REVIEW: Bad Hair [2020]

You always have a choice. It’s 1989 and Anna Bludso (Elle Lorraine) still hasn’t straightened her hair thanks to an ill-fated attempt years previously that left her scalp scarred and sensitive to the touch. She asked her cousin Linda (Chanté Adams) to do it then because her idols all had sleek, shoulder length locks and she knew it would give her a leg up on a career path towards DJ/VJ stardom even before landing a job at the urban arm of RMV known as Culture. As an interviewer tells her…

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REVIEW: Jay and Silent Bob Strike Back [2001]

They don’t deserve their own movie. It’s easy to forget that Jay and Silent Bob Strike Back was supposed to be the View Askewniverse’s final chapter. Writer/director Kevin Smith had finally decided to grow up (a relative term) and leave the foul-mouthed, pot-dealing miscreants he and Jason Mewes brought to life in Clerks (before subsequently popping-up in every film) behind. He even capped the credits with God (Alanis Morrisette) closing the proverbial book after corralling as many familiar faces and stars he could for what proved a self-conscious and self-referential…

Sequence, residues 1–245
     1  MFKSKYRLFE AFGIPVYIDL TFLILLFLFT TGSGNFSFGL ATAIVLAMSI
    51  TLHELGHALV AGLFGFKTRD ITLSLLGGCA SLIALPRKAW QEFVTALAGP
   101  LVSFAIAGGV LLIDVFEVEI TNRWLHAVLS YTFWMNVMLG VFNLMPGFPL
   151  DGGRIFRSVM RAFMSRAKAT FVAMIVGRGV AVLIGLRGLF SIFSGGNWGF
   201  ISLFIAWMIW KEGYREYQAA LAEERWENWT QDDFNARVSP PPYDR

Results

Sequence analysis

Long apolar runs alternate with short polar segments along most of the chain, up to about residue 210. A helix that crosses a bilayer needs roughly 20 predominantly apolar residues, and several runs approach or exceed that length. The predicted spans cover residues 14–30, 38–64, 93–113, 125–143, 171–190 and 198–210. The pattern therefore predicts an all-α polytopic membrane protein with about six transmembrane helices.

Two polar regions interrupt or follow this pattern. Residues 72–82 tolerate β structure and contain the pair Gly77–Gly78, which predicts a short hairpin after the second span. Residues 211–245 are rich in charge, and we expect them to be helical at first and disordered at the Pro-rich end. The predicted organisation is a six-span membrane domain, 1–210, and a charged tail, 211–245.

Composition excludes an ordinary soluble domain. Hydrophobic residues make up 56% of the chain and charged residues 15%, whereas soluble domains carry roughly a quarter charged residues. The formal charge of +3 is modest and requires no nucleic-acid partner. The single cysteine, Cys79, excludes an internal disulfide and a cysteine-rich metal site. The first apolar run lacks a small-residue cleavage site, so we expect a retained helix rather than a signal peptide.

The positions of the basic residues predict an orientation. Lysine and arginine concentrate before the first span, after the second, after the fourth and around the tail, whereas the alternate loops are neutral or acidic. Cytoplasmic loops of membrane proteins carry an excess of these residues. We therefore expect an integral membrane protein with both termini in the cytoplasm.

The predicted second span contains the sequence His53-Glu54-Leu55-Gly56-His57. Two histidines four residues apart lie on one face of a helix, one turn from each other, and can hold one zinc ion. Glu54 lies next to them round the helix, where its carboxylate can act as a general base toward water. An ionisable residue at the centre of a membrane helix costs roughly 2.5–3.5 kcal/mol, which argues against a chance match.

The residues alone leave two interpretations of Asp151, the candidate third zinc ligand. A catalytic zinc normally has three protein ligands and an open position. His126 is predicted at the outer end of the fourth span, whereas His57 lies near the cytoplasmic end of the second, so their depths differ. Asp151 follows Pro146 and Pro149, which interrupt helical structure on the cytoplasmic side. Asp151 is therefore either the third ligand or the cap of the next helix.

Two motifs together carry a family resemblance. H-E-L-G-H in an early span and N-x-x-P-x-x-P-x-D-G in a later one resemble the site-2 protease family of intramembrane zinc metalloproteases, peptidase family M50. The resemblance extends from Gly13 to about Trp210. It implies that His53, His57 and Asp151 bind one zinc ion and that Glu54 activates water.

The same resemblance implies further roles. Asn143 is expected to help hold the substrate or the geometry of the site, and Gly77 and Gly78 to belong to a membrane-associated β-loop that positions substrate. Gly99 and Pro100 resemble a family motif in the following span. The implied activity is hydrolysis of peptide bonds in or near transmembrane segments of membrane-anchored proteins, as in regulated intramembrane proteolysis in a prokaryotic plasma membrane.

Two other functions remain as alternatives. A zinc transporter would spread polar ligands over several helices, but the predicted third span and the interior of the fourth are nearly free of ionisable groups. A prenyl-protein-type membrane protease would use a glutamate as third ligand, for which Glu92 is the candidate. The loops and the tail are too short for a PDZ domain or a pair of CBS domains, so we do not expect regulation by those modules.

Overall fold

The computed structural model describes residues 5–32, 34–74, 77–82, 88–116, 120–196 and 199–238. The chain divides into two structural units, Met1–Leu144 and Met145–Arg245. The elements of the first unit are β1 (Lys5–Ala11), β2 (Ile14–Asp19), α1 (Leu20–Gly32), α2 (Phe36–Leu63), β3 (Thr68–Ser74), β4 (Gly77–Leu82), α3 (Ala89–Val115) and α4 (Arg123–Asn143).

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REVIEW: Power/Rangers [2015]

“Bullshit is an ugly color on you” I watched “Voltron” growing up so I was never a huge proponent of “Mighty Morphin Power Rangers” when they arrived on the scene. There was always a sense of facsimile in my mind and the goofiness of the whole thing didn’t help recruit me into their legion of diehards. I couldn’t tell you any details of either show now so many years removed, but I will say Joseph Kahn giving the latter a contemporary facelift has me reminiscing about the good and bad…

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REVIEW: The Informers [2008]

“How do you know what’s good and what’s bad?” Author Bret Easton Ellis completely resonates with me. Actually, I’m not sure I can make that statement since I’ve never read a book by him, despite having most on my shelf. Where his characters have affected me is in the films adapted from his work. Every single person he infuses into his sprawling tales of excess and youth culture is devoid of morals, selfish beyond measure, and living life as though the next day will be his last. Between American Psycho…

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REVIEW: The Rules of Attraction [2002]

“You better bring back change; Daddy wants change” After viewing The Rules of Attraction, one can definitely see how Roger Avary and Quentin Tarantino were friends. Upon leaving their jobs as video store clerks, the two went out and did Reservoir Dogs together, before collaborating on Pulp Fiction. Tarantino took all the credit for those two movies, basically striking Avary out of Dogs completely and only giving him story credit for Pulp. With Rules of Attraction, one sees that there was probably more influence on both films. While this adaptation…

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